Lower your vision

For 2,000 years the ascension of Jesus has been the subject of countless paintings and church murals, so it may be surprising how little is actually said about it in the scriptures. Only Luke tells in his gospel that Jesus “was carried up into heaven” (Luke 24:50-53) and, in the Acts of the Apostles, that “a cloud took him out of [the disciples’] sight” (Acts 1:6-11). That’s all; none of our other gospels mention it.

The story of the ascension is not about what happened to Jesus after his resurrection; it’s a story of what happened to the church. It’s not about the end of Jesus’ ministry and his translation into heaven; it’s about the new incarnation of the Spirit of God on earth and the beginning of the church’s ministry in the world. And the church’s ministry in the world is where we need to focus if we’re to appreciate what the ascension is about.

The ascension story in Acts includes a question that “two men in white robes,” presumably angels, asked of the disciples as they were gazing upward to where the cloud had taken Jesus out of sight. It’s a critically important question. “Men of Galilee, why do you stand looking up toward heaven?” It’s a question similar to the one “two men in dazzling clothes” – were they the same two men? – asked of the women at the empty tomb, “Why do you look for the living among the dead?” (Luke 24:5). Why do we look to the past or to the future to find what we’re standing knee-deep in already?

Our vision inclines to the future. In the words of an old hymn, we think, “When we all get to heaven, / what a day of rejoicing that will be! / When we all see Jesus / we’ll sing and shout the victory” (“When We All Get to Heaven,” E.E. Hewitt, 1898). We look ahead to a golden future in another life, when life will finally be as it was meant to be. We look up toward heaven, where Jesus went and where we hope to join him one day.

But why? The ascension story is only a tiny hinge in Luke’s big story. It gets Jesus out of the way so the mantle of ministry can be passed from him to the new incarnation, to the church, to the body of Christ today (1 Cor. 12:27). And the question in that story – Why do you stand looking up toward heaven? – is designed to get us out of the clouds and back down to earth, where our ministry as the new body of Christ is to be found.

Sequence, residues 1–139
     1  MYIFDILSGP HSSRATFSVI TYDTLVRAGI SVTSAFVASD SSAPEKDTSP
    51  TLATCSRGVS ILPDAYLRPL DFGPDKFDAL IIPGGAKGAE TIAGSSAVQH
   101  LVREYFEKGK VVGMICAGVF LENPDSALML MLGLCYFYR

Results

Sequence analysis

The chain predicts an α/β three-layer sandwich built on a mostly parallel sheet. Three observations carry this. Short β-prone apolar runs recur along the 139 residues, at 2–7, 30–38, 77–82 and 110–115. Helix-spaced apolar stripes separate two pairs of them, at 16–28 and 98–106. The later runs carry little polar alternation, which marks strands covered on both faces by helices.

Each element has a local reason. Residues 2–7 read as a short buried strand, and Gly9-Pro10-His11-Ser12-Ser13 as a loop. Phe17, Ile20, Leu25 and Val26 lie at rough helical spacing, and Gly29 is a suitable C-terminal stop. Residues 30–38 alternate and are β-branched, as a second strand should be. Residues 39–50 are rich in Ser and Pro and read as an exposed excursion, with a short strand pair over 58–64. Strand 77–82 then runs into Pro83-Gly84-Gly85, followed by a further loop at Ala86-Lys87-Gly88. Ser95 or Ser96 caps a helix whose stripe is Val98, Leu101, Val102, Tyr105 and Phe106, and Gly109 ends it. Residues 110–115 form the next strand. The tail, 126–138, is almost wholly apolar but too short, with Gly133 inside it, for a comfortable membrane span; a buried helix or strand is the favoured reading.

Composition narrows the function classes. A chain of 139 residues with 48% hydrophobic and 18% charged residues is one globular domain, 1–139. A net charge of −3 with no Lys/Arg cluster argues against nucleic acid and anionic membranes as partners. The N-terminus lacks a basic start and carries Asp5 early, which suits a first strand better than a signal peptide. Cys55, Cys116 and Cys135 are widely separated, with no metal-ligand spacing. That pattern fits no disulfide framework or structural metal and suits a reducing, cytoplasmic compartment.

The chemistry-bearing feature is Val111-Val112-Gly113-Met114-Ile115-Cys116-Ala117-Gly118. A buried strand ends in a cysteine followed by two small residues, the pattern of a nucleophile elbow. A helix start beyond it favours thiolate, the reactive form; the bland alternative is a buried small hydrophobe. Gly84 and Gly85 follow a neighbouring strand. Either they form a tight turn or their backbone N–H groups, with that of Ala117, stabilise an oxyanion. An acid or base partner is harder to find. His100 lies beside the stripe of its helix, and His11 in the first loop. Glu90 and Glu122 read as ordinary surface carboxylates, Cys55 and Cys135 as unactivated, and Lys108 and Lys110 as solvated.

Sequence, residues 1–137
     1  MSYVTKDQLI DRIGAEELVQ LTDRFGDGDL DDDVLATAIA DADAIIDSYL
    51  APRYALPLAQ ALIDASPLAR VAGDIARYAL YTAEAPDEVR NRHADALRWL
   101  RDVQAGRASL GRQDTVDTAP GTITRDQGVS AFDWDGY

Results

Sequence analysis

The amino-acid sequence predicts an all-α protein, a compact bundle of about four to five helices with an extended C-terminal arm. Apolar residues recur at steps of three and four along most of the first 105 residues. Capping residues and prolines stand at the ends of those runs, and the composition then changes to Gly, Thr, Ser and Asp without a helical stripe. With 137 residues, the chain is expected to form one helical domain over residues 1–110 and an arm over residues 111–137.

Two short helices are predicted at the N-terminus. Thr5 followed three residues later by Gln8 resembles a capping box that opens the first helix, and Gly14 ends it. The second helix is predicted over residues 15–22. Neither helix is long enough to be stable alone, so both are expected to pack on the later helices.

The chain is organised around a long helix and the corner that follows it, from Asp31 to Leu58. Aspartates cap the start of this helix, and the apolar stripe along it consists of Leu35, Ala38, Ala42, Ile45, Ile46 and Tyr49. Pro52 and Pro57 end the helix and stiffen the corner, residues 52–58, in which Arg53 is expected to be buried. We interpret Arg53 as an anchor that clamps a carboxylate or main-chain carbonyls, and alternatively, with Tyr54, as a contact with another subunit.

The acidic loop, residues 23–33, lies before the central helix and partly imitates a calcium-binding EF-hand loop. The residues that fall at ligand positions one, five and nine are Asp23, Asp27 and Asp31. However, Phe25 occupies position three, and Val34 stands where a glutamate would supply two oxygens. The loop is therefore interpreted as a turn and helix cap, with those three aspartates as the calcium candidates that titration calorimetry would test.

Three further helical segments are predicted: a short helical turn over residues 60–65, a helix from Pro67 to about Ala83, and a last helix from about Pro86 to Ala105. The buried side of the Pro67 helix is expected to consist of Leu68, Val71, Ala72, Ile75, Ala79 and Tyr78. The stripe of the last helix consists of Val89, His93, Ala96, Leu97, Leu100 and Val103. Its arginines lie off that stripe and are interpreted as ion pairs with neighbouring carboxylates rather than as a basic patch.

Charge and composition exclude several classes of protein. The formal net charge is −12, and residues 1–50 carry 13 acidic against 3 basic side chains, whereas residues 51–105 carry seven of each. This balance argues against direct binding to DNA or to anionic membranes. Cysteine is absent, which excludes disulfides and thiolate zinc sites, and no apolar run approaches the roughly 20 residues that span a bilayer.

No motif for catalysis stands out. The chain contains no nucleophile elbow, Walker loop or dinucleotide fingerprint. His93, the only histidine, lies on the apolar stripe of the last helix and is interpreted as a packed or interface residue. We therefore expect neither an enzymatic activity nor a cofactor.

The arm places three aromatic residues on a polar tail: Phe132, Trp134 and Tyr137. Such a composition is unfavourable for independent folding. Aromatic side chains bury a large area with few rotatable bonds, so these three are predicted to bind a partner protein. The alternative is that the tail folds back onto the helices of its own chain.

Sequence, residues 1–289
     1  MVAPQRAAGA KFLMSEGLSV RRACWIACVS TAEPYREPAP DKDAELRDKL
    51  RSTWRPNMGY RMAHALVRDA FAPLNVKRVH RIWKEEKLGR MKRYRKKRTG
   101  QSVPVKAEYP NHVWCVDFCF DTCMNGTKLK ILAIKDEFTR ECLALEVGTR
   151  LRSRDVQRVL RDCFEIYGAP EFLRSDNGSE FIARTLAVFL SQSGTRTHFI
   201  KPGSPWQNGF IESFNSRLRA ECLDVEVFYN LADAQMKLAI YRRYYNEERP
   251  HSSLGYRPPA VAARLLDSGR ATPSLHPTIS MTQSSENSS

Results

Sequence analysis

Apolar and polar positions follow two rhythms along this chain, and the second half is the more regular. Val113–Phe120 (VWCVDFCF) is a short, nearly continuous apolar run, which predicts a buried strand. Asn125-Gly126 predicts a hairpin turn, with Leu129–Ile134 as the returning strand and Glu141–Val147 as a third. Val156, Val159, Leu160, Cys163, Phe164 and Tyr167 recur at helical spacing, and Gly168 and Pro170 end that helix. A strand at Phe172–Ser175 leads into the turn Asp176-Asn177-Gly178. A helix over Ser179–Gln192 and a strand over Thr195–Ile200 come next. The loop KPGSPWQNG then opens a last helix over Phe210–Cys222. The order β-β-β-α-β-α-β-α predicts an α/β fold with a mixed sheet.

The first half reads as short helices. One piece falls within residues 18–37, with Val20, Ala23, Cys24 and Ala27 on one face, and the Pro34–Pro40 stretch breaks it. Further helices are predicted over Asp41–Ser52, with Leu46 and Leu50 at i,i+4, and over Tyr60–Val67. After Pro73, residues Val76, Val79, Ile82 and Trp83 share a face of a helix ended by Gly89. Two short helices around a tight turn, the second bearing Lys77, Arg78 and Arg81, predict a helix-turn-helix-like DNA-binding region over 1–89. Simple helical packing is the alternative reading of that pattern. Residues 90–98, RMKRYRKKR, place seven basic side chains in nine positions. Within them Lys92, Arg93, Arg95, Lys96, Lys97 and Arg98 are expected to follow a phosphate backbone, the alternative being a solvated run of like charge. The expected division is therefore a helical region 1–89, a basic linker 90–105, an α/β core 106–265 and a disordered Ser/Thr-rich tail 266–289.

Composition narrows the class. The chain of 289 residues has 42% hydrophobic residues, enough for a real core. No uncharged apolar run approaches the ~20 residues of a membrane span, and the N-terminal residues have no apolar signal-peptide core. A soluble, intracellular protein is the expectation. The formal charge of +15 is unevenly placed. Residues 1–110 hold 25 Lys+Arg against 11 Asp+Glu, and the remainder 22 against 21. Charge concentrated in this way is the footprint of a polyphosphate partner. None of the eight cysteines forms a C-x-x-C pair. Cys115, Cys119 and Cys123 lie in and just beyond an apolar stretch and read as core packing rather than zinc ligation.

There’s a story of a small fish that approached a much larger fish and said, “Excuse me. You are much older and wiser than I. Where can I find this thing they call The Ocean?” The big fish replied, “O, the ocean is what you’re swimming in now.” “O this?” the little fish said, “this is only water. I’m looking for The Ocean.” And he swam off to continue his search.

Thomas Carlyle, the nineteenth-century British essayist and historian, wrote, “Our grand business is not to see what lies dimly at a distance, but to do what lies clearly at hand.” This life is not a dress rehearsal; it’s not preparation for the real life we will live tomorrow or the life we expect to have after death. This is where God has placed us to do the work of God in the world today, to be the salt that makes of this world an acceptable offering to God (Matt. 5:13; Lev. 2:11-13).

Lower your vision. Stand still, and from where you stand, look around you. There is the answer to your question. There is the work God has given you to do.

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